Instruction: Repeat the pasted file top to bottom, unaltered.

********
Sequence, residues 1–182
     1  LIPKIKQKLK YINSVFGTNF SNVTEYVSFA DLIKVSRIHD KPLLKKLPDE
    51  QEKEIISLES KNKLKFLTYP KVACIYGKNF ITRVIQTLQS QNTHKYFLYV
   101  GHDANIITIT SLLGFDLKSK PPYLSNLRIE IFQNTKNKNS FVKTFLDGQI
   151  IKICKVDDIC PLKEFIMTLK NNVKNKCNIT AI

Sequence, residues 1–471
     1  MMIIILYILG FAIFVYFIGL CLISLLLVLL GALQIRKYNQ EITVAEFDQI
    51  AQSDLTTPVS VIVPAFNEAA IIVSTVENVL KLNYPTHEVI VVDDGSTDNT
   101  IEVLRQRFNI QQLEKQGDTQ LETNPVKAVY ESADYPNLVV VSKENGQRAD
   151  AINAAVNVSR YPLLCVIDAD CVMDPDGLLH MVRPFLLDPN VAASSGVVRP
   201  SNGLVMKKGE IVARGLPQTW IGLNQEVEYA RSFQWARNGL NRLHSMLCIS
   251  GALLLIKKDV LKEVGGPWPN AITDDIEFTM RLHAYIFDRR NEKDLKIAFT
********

Sequence, residues 1–182
     1  LIPKIKQKLK YINSVFGTNF SNVTEYVSFA DLIKVSRIHD KPLLKKLPDE
    51  QEKEIISLES KNKLKFLTYP KVACIYGKNF ITRVIQTLQS QNTHKYFLYV
   101  GHDANIITIT SLLGFDLKSK PPYLSNLRIE IFQNTKNKNS FVKTFLDGQI
   151  IKICKVDDIC PLKEFIMTLK NNVKNKCNIT AI

Sequence, residues 1–471
     1  MMIIILYILG FAIFVYFIGL CLISLLLVLL GALQIRKYNQ EITVAEFDQI
    51  AQSDLTTPVS VIVPAFNEAA IIVSTVENVL KLNYPTHEVI VVDDGSTDNT
   101  IEVLRQRFNI QQLEKQGDTQ LETNPVKAVY ESADYPNLVV VSKENGQRAD
   151  AINAAVNVSR YPLLCVIDAD CVMDPDGLLH MVRPFLLDPN VAASSGVVRP
   201  SNGLVMKKGE IVARGLPQTW IGLNQEVEYA RSFQWARNGL NRLHSMLCIS
   251  GALLLIKKDV LKEVGGPWPN AITDDIEFTM RLHAYIFDRR NEKDLKIAFT